Watershed Symposium 2018 has ended
Welcome to the official website of the 12th Annual Salt Lake County Watershed Symposium, November 14-15, 2018!  Free and open to all, the Symposium encourages a comprehensive review of the current state of our watershed while creating learning and networking opportunities for a broad array of stakeholders. Sessions cover a broad range of topics on water quality and watershed issues with local, regional, and national relevance. Hosted annually by Salt Lake County Watershed Planning & Restoration.

Powerpoints and audio recordings are available.  Click on a session and scroll down to the attached files.
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Thursday, November 15 • 1:05pm - 1:35pm
Citizen Science-Based Monitoring and Stewardship for the Jordan River

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Citizen Science-Based Monitoring and Stewardship for the Jordan River

Monitoring and stewardship are essential for the sustainable natural areas on the Jordan River. This presentation introduces a monitoring approach that pairs scientifically valid study design with data collection by Citizen Scientists to document restoration, inform adaptive management, and increase awareness of and advocacy for the Jordan River.

Full Abstract
There are currently over 30 restoration projects along the Jordan River, ranging from small storm water treatment wetlands to large landscapes like the Legacy Nature Preserve. There are also an increasing number of “nature park” sites along the river, such as the 900 South Oxbow Wetland (Salt Lake City) and the Big Bend Nature Park (West Jordan) which allow residents and visitors to experience natural habitat areas within the valley’s growing urban footprint. These natural areas have been preserved and restored for a variety of different reasons, and are managed by different agencies or organizations with varying degrees of involvement and capacity. However, what they all have in common is the need for monitoring and stewardship. Monitoring is essential to support adaptive management, evaluate the effectiveness of restoration practices, and to document whether restoration efforts have resulted in promised increases in natural resource services. Stewardship translates into people who are aware of and care for these areas, from volunteering to pull weeds to advocating for the value of open spaces. This presentation will introduce a monitoring approach that is being developed for the Big Bend Nature Park by the U.S. Fish and Wildlife Service and the U.S. Department of Interior Natural Resource Damage Assessment and Restoration (NRDAR) program. By coordinating with other open space management and monitoring efforts on the Jordan River (through the Jordan River Commission and other stakeholder groups), this approach can also be tailored for different monitoring needs at other sites. A key aspect of this approach is its focus on Citizen Science, centering on guided data collection efforts by students, educators and the interested public. The goal of this monitoring approach is to collect scientifically valid data that will lead to greater understanding of ecological function, document increases in ecological services (such as water quality, flood retention and migratory bird habitat), and inform adaptive management decisions. Through the involvement of citizen scientists, it is also an opportunity to “connect people with nature” in meaningful ways—introducing them to natural landscapes, teaching them the role these places serve both for wildlife and people, teaching them what “science” is and how it works, and introducing young people to careers that they might not have considered. This involvement also translates into stewardship by increasing participants’ appreciation of what it takes either directly (e.g., volunteering) or indirectly (support of programs and funding) to maintain these areas’ environmental and social values, which is essential for their long term viability.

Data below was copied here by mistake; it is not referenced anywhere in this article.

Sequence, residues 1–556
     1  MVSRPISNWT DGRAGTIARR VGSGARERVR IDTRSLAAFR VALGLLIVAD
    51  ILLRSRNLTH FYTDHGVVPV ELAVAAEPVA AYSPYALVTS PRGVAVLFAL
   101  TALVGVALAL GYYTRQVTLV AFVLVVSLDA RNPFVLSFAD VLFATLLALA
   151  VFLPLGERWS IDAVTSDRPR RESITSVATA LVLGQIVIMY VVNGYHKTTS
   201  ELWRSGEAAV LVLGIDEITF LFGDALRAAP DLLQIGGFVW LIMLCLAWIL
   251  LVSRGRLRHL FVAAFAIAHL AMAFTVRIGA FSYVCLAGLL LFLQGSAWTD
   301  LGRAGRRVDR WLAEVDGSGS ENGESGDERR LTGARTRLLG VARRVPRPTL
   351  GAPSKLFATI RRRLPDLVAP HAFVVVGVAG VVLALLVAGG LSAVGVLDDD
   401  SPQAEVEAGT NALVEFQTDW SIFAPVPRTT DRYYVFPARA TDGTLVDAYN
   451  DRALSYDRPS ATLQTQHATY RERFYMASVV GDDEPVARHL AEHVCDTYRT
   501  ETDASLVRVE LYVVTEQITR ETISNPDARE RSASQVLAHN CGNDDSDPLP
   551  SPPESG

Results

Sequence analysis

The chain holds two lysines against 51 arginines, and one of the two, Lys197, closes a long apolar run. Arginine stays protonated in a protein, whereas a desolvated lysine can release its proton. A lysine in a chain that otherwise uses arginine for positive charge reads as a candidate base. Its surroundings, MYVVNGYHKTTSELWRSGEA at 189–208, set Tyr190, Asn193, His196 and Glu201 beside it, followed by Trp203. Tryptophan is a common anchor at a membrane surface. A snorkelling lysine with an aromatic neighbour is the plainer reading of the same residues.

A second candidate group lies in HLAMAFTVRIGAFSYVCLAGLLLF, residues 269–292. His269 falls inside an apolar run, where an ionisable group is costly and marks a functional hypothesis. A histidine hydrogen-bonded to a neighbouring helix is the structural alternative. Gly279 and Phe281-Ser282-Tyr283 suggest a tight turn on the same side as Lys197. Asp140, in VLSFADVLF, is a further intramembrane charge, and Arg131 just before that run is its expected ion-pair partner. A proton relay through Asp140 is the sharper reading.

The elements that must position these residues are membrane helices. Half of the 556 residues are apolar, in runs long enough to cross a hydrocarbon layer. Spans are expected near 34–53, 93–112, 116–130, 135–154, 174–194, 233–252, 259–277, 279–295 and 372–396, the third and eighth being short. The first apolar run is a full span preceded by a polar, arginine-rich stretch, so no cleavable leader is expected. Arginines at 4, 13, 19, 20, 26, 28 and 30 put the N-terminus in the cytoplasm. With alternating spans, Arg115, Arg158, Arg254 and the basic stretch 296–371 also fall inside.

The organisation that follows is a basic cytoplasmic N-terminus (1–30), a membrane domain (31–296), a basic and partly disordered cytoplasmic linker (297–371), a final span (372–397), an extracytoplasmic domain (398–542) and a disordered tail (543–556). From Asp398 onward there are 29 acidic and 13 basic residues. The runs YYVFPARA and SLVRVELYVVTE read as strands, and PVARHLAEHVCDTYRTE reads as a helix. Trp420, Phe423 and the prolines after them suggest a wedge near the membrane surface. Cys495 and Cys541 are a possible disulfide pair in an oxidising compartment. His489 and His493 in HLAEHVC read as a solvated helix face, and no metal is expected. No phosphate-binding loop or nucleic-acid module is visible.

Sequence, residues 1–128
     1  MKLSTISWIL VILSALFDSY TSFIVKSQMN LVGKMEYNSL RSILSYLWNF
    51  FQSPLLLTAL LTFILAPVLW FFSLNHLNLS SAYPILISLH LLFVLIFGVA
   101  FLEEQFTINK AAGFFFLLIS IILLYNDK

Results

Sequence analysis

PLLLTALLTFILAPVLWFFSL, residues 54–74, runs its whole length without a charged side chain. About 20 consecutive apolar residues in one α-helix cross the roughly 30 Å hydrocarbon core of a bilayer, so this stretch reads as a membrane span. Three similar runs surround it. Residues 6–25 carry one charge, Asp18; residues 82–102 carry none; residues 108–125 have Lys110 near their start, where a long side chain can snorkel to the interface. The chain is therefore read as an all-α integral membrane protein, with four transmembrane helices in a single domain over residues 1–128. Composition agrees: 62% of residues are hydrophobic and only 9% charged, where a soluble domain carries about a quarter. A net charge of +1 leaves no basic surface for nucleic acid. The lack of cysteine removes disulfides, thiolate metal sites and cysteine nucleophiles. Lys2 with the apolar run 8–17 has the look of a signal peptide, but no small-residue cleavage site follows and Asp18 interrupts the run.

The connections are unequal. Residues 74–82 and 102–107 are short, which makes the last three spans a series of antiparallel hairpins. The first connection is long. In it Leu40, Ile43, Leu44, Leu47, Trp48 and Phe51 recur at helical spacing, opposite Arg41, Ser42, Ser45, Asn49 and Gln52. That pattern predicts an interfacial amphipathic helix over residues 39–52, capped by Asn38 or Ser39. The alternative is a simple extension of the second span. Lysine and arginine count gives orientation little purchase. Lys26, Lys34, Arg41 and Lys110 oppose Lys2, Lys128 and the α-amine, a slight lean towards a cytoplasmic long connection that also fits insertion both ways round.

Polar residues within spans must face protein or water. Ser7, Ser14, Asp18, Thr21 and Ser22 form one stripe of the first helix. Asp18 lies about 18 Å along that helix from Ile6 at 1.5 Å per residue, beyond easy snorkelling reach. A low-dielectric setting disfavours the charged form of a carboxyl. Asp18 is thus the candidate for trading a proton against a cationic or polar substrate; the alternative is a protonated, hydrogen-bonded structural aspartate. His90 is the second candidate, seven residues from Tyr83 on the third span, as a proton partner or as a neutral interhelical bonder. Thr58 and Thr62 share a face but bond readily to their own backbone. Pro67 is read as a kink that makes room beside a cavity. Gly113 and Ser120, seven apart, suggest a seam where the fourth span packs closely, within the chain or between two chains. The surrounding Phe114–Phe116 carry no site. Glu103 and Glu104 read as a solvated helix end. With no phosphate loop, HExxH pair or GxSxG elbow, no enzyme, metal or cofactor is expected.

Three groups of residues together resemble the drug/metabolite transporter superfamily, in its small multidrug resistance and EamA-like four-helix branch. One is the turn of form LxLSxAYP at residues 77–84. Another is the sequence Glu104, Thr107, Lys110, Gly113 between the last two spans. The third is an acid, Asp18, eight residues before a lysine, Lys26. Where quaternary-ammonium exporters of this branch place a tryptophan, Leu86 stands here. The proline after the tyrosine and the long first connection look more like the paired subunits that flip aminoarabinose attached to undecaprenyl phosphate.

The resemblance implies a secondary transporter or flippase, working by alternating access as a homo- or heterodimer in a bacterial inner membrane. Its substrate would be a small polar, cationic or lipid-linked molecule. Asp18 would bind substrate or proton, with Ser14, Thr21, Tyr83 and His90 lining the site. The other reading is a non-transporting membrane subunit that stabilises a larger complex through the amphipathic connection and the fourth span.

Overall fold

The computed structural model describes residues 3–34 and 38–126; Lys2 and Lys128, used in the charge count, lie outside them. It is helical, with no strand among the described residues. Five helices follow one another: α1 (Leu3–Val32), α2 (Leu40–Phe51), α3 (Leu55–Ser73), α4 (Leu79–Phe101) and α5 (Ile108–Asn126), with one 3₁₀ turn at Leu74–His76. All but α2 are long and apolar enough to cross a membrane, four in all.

avatar for Chris Cline

Chris Cline

Contaminants and Restoration Specialist, US Fish & Wildlife Service
Chris has worked for the U.S. Fish and Wildlife Service on the cleanup and restoration of natural areas since 2002. She has been involved with habitat restoration on the Jordan River through the U.S. Department of Interior's Natural Resource Damage Assessment and Restoration (NRDAR... Read More →

Thursday November 15, 2018 1:05pm - 1:35pm MST
Lower Level - Ballroom A/B Utah Cultural Celebration Center, 1355 W 3100 S, West Valley City, UT 84119